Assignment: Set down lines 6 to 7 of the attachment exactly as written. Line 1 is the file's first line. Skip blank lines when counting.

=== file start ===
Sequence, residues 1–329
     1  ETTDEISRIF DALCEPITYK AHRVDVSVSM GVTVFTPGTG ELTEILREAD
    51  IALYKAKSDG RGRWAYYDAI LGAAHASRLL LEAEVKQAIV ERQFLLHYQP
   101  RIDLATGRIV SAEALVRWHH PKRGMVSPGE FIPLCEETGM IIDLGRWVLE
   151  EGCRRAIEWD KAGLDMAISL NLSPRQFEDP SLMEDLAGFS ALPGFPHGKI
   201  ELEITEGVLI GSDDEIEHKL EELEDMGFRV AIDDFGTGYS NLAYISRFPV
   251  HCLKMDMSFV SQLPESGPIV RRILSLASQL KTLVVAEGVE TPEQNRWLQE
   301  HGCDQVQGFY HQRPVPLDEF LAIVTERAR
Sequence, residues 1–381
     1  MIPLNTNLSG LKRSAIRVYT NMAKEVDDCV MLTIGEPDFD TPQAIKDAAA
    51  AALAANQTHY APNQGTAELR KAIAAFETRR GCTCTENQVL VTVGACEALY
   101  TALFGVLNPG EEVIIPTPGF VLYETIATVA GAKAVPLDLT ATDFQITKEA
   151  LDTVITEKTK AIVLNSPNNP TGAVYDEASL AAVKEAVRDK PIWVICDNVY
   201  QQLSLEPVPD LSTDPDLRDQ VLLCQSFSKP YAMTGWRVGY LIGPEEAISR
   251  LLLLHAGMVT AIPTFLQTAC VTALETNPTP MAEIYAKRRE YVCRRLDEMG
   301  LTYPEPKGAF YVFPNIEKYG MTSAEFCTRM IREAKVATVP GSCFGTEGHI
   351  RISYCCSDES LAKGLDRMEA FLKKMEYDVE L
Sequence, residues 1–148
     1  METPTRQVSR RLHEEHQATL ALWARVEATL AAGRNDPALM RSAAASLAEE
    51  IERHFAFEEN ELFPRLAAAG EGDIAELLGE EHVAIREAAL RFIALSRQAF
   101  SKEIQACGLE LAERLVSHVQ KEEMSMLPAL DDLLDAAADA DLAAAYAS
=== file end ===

   201  ELEITEGVLI GSDDEIEHKL EELEDMGFRV AIDDFGTGYS NLAYISRFPV
   251  HCLKMDMSFV SQLPESGPIV RRILSLASQL KTLVVAEGVE TPEQNRWLQE